From the above discussion, we see that in general a gravitational lens has the potential to provide important cosmographic information. The technique has the virtue of being insensitive to mass fluctuations on large scales because they can be adequately modeled by quadratic lenses, as well as fluctuations on small scales whose effects are likely to be limited. However, the method clearly is sensitive to the details of the mass distribution on the scale of the image separation, i.e. to the particular parametrized form of the lens model employed, and this is its chief weakness. In Q0957+561, there are effectively five constraints from the observations, two from the relative image position, and three from the relative magnification matrix (technically four constraints, but one of these is poorly determined because the VLBI images are not well-resolved perpendicular to the jet). Since two parameters are used to describe the shear of the cluster, one is left with only three parameters for the main galaxy, of which one is the parameter combination 2 / (1-). Although the Falco et al. model appears to be quite robust, nevertheless, Kochanek (1991c) has found other models that fit the observations equally well. These give estimates of H0 in the range 15-80 km s-1 Mpc-1 (for t = 1.48 yr). A more comprehensive investigation of allowed models is needed.

Looking to the future, it is clear that lenses that have no obvious cluster surrounding the primary lens are preferable since one has the option of applying Scenario 1. Also, lensed sources having more than two images are likely to be superior to Q0957+561. If the images have resolved VLBI structure and one is able to measure complete transformation matrices, then up to 18 constraints will be available with a quadruply-imaged quasar, plus up to three relative time delays. Potentially even better are the radio rings, where the number of constraints is comparable to the number of resolution elements in the multiply-imaged zones. However, to do useful cosmography, one requires a time-variable core (to measure time delays), and a well-identified lens with a measured redshift and velocity dispersion (though the source redshift is not necessary, see Scenario 3). None of the known quadruply-imaged quasars or radio rings satisfies all these requirements yet.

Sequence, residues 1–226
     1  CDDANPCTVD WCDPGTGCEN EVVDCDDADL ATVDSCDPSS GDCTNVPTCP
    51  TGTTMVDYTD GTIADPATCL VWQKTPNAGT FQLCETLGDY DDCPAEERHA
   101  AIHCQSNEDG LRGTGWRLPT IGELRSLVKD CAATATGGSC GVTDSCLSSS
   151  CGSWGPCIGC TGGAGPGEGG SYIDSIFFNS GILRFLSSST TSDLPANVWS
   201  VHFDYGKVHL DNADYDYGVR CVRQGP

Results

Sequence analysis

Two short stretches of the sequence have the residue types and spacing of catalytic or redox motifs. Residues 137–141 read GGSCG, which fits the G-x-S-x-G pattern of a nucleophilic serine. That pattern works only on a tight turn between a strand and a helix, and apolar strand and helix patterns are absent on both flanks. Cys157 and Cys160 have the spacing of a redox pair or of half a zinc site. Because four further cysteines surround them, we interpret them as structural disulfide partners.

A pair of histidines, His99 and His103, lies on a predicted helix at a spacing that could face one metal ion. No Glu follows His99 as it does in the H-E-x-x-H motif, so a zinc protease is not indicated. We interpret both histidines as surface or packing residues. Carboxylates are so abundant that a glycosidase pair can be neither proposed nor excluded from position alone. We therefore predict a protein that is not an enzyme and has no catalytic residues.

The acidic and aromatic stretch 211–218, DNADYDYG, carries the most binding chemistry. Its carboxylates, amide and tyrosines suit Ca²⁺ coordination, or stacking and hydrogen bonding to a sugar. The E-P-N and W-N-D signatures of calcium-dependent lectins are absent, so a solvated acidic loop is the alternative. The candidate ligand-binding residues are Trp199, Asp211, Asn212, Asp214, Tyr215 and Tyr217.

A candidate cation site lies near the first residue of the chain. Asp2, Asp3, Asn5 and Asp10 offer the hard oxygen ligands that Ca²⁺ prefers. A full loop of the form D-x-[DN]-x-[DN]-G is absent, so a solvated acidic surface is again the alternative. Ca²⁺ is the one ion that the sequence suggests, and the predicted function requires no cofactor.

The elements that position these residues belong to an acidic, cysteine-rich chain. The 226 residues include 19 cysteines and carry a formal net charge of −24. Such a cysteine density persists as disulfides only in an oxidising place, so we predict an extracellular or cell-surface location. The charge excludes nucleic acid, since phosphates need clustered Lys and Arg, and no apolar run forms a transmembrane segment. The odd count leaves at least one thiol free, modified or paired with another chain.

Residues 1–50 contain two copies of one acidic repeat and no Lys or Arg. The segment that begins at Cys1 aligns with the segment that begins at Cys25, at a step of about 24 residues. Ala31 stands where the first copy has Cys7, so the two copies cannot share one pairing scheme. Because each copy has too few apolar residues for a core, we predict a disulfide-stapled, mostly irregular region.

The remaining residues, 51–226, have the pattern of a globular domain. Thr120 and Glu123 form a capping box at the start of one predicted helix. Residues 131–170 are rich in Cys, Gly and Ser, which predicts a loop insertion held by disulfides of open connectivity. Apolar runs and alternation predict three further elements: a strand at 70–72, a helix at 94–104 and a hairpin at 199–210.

Another serious uncertainty relates to how one interprets a measured stellar velocity dispersion in the lens. Apart from the factor of (1.5)1/2 mentioned above, the velocity distribution may also be anisotropic (e.g. Binney & Tremaine 1987, Foltz et al. 1992), which would further complicate the interpretation. Yet another problem is that some of the relative magnifications observed at optical wavelengths may be affected by microlensing (Kayser 1990), leading to errors in the derived lens model. However, this is probably not a consideration for the radio transformation matrix (Falco et al. 1991b). Even at radio wavelengths, the core and the jet regions of Q0957+561 are known to have different brightness ratios. This could be interpreted as evidence for gradients in the lens magnification across the source (Garrett et al. 1991), which will provide additional constraints, enabling the galaxy model to be improved. However, if the discrepancy is due to some kind of microlensing, say due to an intergalactic compact object, then it increases the uncertainties in the model.